Shelf Life

A passion for playwriting

Howard Zinn’s three plays will be published in a single volume.
Howard Zinn’s three plays will be published in a single volume.
By Jan Gardner
Globe Correspondent / February 21, 2010

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Howard Zinn’s playwriting, if it was mentioned at all, was little more than a footnote in tributes that have appeared since his death last month. Yet he was passionate about the role of theater in his political awakening, and the three plays he wrote about Emma Goldman, Karl Marx, and the arms race have been widely translated and produced.

On March 15 they will be published in a single volume for the first time. “Three Plays: The Political Theater of Howard Zinn” (Beacon) offers a window on this less celebrated part of his oeuvre.

Zinn was 16 when he saw his first play, a Federal Theater Project production of “One Third of a Nation,” its title derived from FDR’s statement, “I see one-third of a nation ill-housed, ill-clad, ill-nourished.” In the play, a fire sweeps through tenements, leaving many homeless. “That experience suggested to me, early on, the power of drama in conveying a message of social significance,” Zinn wrote in the introduction to “Three Plays.”

While living in New York, he and his wife, Roslyn, watched the original productions of “Native Son,” “Death of a Salesman,” and “A Streetcar Named Desire.” Over the years Roslyn and the couple’s children, Myla and Jeff (now artistic director of the Wellfleet Harbor Actors Theater), took on acting roles in Atlanta and New York.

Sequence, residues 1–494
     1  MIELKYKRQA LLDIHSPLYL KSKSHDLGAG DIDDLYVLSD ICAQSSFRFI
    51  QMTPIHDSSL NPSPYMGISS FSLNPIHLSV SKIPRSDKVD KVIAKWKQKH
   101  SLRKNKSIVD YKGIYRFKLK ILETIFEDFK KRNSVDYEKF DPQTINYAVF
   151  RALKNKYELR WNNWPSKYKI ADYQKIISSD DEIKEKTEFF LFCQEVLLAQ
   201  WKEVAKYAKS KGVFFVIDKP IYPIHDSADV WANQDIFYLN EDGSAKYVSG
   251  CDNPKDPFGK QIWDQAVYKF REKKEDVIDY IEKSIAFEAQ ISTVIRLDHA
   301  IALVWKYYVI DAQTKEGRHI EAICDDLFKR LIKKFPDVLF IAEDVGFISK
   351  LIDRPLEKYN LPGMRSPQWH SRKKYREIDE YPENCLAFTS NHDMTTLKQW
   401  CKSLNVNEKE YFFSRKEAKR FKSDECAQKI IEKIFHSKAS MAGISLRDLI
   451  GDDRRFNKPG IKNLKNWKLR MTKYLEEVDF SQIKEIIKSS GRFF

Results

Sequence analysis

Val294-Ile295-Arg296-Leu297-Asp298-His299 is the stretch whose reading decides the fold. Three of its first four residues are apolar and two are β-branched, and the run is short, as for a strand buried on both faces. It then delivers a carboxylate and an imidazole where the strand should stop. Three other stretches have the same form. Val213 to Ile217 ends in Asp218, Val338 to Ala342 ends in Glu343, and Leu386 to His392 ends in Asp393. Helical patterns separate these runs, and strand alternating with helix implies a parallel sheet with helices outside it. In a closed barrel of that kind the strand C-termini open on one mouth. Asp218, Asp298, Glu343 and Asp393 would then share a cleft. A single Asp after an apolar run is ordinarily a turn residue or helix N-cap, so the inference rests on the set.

Zinn remained an activist and historian, best known for “A People’s History of the United States,” the bestseller that highlighted the legions of ordinary citizens who joined forces to exert influence over the nation. Yet the lure of writing for the stage was undeniable, as he makes plain in his introduction to the upcoming volume: “I discovered that writing for the theater had a quality missing in the writing of books and articles. Those were solitary endeavors, but when you wrote a play it quickly became a collective experience.”

Beacon Press and Suffolk University will present “A Tribute to the Theater of Howard Zinn” on March 24 at 6 p.m. Chris Cooper and other actors will give readings from Zinn’s plays, and Jeff Zinn will have an onstage conversation with former Boston Globe theater critic Ed Siegel. The free event will take place at Suffolk’s C. Walsh Theatre, 55 Temple St. To reserve a seat, call 617-573-8282.

A Stone unturned
“Split Image,” the new Jesse Stone novel by Robert B. Parker, hits bookstores on Tuesday. Parker, who died at his desk in January, had two other books in the pipeline. Putnam plans to release “Blue-Eyed Devil” in Parker’s Appaloosa series on May 4 and the Spenser novel “Painted Ladies” on Oct. 5.

Bookstore moves
Lorem Ipsum has moved to 1299 Cambridge St., closer to the heart of Inman Square.

Coming out
“The Infinities,’’ by John Banville (Knopf)

“Big Girl,’’ by Danielle Steel (Delacorte)

“We’ve Got Issues: Children and Parents in the Age of Medication,’’ by Judith Warner (Riverhead)

Pick of the week
Caitlin Doggart of Where the Sidewalk Ends in Chatham recommends “Beneath the Lion’s Gaze’’ by Maaza Mengiste (Norton): “This riveting novel, set against the violent backdrop of Ethiopia’s revolution in 1974, focuses on the primacy of family relationships. Hailu, a prominent doctor, and his two grown sons experience their country’s tragedy and their own family’s grief through very different prisms of understanding yet they remain connected, even through the gruesome terror overtaking their city.’’

Jan Gardner can be reached at